The Commonwealth Games are officially underway. The opening ceremony kicked off what is to be one of the progressive multi-discipline sporting events to date on Australia’s Gold Coast this morning.
More than 4,500 athletes have made their way to the Gold Coast to compete in the 21st Commonwealth Games and, for the first time in the event’s 88 year history, an equal number of medals will be up for grabs for male and female participants.
Australia will be hosting 133 men’s events, 133 women’s events and nine mixed events, offering both sexes the opportunity to claim 142 medals.
This will be the first ever multi-discipline sports event to offer medal equality.
The 2014 Commonwealth Games, held in Glasgow, Scotland, currently holds the record. On that occasion, women competed for 48.5% of all available medals.
The Commonwealth Games’ push for equality hasn’t only focused on the athletes. More than 50% of technical officials officiating basketball, hockey and swimming events will be female.
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Likewise, the Commonwealth Games Federation has also launched the Women’s Coaching Internship Programme. This initiative will integrate 19 female coaches from 11 countries within their respective organisations, where they will receive on-the-ground training at the Games to help develop the next generation of leading female coaches.
The Commonwealth Games Federation website reads:
“Our dynamic sporting movement has an important part to play in an energised, engaged and empowered Commonwealth of Nations and Territories – and we are working hard to explore how Commonwealth sport and everyone in our diverse sporting family can better deliver for women and girls.”
The 2018 Games will also deliver the largest number of disability sports events at a Commonwealth Games to date.
What was said:
Announcing the intention to offer an equal number of medals back in 2016, Commonwealth Games Federation President Louise Martin said:
“We’ve come a long way since the first Games in 1930, when women competed in just seven medal events.”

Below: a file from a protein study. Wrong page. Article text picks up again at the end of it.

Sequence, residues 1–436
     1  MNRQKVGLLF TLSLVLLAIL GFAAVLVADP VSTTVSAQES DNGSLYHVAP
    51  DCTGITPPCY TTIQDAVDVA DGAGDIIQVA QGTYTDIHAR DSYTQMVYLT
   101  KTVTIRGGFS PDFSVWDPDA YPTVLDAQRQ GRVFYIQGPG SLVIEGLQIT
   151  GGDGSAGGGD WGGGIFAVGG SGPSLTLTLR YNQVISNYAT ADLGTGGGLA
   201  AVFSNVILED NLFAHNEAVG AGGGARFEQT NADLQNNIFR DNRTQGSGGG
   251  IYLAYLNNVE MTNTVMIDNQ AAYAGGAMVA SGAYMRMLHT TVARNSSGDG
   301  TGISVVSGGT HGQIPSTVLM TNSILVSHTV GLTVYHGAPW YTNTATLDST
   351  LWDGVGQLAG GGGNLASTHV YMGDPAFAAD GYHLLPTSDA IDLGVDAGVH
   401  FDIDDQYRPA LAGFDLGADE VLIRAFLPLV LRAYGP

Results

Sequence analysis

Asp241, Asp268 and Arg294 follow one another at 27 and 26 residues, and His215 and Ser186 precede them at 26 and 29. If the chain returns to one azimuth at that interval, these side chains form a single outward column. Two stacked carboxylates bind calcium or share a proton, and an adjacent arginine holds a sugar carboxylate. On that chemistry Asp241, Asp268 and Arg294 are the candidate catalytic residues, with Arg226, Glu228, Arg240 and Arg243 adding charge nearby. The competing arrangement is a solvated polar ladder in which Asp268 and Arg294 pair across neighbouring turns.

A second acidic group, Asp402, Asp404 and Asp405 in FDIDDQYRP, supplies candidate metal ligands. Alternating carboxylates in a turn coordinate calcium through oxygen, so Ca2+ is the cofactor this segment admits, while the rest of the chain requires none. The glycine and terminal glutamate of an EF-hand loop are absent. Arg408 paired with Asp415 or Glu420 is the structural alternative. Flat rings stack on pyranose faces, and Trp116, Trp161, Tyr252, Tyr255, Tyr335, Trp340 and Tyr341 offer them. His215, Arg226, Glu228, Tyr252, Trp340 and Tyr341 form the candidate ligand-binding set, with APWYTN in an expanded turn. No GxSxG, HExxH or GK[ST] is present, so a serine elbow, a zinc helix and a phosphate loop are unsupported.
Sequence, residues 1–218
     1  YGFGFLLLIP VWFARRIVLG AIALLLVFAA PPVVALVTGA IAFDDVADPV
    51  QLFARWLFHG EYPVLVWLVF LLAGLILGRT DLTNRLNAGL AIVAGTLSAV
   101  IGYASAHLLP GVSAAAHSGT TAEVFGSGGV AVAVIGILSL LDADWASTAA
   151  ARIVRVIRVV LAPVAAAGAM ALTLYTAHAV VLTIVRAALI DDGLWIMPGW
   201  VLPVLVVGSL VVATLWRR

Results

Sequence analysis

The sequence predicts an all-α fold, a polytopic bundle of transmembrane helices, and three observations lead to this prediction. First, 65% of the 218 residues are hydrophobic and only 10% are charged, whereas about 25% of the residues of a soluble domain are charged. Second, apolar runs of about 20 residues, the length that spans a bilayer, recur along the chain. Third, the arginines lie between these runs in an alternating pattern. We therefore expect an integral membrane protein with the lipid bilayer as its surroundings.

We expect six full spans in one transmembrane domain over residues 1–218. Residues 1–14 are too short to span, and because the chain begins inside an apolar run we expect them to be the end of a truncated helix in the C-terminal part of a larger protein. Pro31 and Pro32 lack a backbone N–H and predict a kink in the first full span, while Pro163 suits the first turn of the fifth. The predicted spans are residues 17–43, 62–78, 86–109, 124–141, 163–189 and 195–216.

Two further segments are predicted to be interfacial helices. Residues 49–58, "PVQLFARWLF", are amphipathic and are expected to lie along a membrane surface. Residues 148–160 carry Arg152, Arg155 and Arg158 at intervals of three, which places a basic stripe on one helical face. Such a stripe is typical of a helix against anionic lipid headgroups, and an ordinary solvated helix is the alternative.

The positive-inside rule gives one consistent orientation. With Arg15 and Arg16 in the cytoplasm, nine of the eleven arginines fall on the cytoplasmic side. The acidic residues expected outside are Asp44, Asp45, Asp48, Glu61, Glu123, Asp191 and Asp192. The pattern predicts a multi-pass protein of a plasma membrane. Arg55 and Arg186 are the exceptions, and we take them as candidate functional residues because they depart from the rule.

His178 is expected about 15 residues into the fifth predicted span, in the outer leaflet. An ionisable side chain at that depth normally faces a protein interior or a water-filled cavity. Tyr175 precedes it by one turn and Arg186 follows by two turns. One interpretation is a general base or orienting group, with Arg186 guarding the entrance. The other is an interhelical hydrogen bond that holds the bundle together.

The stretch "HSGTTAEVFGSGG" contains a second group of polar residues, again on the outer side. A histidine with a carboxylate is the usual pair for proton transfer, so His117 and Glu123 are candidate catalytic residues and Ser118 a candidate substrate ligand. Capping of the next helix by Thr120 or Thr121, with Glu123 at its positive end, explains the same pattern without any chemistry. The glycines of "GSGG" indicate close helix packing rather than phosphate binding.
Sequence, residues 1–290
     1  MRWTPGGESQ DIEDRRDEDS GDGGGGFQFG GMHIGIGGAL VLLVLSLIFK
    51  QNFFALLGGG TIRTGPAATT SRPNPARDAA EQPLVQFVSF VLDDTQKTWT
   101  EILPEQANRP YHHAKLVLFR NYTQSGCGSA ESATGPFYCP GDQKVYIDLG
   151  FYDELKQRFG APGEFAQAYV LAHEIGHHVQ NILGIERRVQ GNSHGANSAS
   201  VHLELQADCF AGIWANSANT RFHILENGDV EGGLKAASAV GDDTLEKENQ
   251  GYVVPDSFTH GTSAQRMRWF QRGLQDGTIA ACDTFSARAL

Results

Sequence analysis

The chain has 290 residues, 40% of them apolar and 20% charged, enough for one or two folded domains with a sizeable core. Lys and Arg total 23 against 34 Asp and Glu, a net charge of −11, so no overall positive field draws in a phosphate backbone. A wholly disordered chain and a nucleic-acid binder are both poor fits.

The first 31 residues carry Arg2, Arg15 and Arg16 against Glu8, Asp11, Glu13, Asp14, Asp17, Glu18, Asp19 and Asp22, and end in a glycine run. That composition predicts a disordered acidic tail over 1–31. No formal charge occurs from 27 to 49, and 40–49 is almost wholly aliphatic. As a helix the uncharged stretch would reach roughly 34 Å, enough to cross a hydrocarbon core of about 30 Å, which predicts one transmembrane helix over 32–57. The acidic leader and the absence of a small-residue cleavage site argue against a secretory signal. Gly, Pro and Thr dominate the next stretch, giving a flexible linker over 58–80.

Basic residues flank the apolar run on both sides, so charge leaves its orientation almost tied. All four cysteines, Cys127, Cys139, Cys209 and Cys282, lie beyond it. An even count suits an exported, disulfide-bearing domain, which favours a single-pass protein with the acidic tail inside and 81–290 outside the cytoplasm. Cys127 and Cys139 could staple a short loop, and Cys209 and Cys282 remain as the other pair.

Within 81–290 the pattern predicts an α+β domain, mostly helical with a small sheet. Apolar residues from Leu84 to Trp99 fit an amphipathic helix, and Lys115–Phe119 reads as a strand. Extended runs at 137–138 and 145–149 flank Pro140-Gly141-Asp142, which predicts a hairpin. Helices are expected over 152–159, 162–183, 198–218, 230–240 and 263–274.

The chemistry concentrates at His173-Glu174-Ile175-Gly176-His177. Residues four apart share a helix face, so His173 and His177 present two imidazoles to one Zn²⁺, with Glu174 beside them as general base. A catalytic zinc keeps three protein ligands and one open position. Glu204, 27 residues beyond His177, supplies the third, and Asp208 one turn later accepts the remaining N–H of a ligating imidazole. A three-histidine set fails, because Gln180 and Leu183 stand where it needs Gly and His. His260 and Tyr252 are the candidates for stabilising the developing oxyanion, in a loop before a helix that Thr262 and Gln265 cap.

“I’m so proud that the CGF, GOLDOC, the Australian Commonwealth Games Association and our International Federation colleagues have worked together to close the gender gap in time for Gold Coast 2018 – and present an equal number of medal moments for men and women for the first time ever at a major Games.”
Stirling Hinchliffe, Australia’s Minister for the Commonwealth Games, said:
“This is a tremendous boost to world sport. This decision sets the standard for greater gender equality in sport and more broadly in society.”
David Grevemberg, chief executive of the CGF, said:
“From our standpoint we’re more relevant now than ever before for the things that have historically challenged the Commonwealth, to the ambitions and aspirations that this Commonwealth looks to uphold: peace, prosperity, good governance and human rights.”
Why it matters:
Questions are always raised about the Commonwealth Games, particularly why it is still held, given its colonialist beginnings.
The federation maintains that the Games are about bringing people together and uniting athletes, citizens and communities. Achieving medal equality, as well as providing more opportunities for disabled athletes to compete, supports their claim. Regardless of its past, the competition is doing its part to improve sports.
The Commonwealth Games will begin on Wednesday, 4 April, and end of Sunday, 15 April. Athletes will compete in a range of sports, including athletics, gymnastics, boxing and squash. The full list of events can be found here.
Despite Gold Coast 2018 achieving a number of firsts, it has done little to convince sports fans to turn out. Just hours before the event was set to get underway, the Guardian newspaper reported that a number of tickets remained unsold.
Mark Peters, CEO of the CGF, has confirmed that 140,000 tickets remain on sale.